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Minister: Rwandan Soldiers Have Entered Congo


The Democratic Republic of Congo's Minister for Regional Cooperation says Rwandan soldiers have entered Congo and attacked three villages in eastern Congo. There has been no independent confirmation of the attacks, but President Paul Kagame told the Rwandan parliament that the attack could have already begun.

After days of speculation, but lack of comment from the Congolese government, one of Kinshasa's ministers has said the Rwandan army has entered Congo and begun operations in the east of the country.

Congo's Minister For Regional Cooperation, Mbusa Nyamwisi, said Rwandan army soldiers entered Congo and, alongside pro-Kigali militiamen, attacked three villages, burning houses and killing several Congolese.

Speaking from eastern Congo, Mr. Nyamwisi said that the attacks were as bad as he had seen in the region and local tribal leaders and missionaries reported up to 6000 Rwandan soldiers and militiamen involved.

There has been no independent confirmation of the attacks, but U.N. humanitarian workers in eastern Congo said they had received reports of civilians on the move in the area, about 80 kilometers northwest of the border with Rwanda.

During the past week, Rwanda has repeatedly threatened to send its soldiers into Congo to target Hutu rebels Kigali believes are about to attack Rwanda.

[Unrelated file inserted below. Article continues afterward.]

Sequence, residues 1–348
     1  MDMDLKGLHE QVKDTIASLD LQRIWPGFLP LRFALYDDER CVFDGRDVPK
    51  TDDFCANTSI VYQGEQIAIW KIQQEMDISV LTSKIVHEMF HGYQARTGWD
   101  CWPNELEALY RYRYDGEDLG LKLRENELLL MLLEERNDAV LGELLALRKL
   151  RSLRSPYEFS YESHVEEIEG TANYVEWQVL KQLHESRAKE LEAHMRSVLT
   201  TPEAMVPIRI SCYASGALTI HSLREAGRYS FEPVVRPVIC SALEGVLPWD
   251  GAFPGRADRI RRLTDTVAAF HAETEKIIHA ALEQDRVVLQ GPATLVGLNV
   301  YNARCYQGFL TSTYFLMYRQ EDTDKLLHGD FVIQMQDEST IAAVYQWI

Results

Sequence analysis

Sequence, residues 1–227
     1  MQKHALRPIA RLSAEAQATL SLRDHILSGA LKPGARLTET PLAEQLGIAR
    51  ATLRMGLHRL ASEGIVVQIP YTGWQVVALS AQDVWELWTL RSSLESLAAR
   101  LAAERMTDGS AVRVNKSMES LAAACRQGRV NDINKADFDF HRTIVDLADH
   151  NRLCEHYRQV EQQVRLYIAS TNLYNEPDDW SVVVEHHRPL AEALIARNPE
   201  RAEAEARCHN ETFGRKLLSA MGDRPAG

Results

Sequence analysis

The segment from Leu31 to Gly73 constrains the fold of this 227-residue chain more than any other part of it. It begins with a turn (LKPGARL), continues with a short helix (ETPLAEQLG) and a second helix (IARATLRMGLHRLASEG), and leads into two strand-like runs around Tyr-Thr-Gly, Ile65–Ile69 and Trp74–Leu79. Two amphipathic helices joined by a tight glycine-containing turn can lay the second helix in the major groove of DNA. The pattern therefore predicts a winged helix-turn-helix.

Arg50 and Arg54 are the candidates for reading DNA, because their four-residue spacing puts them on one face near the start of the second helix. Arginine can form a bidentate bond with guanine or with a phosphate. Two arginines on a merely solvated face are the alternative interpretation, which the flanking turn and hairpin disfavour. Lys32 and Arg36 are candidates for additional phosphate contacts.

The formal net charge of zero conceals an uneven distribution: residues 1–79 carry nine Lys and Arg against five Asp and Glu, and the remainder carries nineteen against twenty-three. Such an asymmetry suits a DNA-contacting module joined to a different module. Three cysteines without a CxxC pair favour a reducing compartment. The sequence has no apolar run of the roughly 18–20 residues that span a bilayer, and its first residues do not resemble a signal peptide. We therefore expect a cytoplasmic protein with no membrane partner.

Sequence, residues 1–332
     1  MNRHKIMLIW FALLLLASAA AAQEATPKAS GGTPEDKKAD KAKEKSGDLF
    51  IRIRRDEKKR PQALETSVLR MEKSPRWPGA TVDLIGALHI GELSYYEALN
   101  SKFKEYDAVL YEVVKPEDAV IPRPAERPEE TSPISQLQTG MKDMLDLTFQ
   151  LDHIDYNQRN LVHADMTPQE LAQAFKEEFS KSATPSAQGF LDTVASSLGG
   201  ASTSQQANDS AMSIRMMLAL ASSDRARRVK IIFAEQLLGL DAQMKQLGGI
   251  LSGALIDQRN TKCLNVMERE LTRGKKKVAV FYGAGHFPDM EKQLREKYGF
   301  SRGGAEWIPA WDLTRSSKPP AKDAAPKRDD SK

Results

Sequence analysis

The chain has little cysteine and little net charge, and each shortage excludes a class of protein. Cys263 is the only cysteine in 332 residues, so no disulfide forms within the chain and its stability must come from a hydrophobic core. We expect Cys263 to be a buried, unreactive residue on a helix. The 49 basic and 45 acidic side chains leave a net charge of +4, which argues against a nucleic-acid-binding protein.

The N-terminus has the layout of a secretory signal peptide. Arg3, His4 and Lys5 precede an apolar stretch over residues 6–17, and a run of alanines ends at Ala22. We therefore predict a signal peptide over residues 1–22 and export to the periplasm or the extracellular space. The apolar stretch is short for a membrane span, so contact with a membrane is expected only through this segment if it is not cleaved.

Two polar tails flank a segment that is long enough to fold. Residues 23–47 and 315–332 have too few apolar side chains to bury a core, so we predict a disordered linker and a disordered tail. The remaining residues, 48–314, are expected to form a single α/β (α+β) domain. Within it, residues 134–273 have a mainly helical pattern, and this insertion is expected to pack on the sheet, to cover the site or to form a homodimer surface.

Many of the Congo-based Rwandan Hutu rebels took part in the 1994 genocide in Rwanda, killing 800,000 Tutsis and moderate Hutus before being defeated and fleeing into eastern Congo.

Rwanda says that because the government in Kinshasa and the United Nations have failed to disarm the rebels, it would have to do it.

Meanwhile, Rwandan President Paul Kagame told his parliament in Kigali that the attack on the rebels in Congo could be taking place soon and he alluded that it may have already started.

There have been reports during the past week that the Rwandan army had deployed in Congo, but these reports were not confirmed, with the U.N. mission saying that it had stepped up patrols, but found no evidence of infiltration.

Rwanda's threats to intervene militarily in Congo have been criticized, with diplomats at the United Nations calling for dialogue to resolve the latest crisis.

Rwanda has invaded Congo twice, with the last invasion in 1998 being one of the causes of Congo's five-year war, which sucked in five other neighboring countries and killed about three million people.

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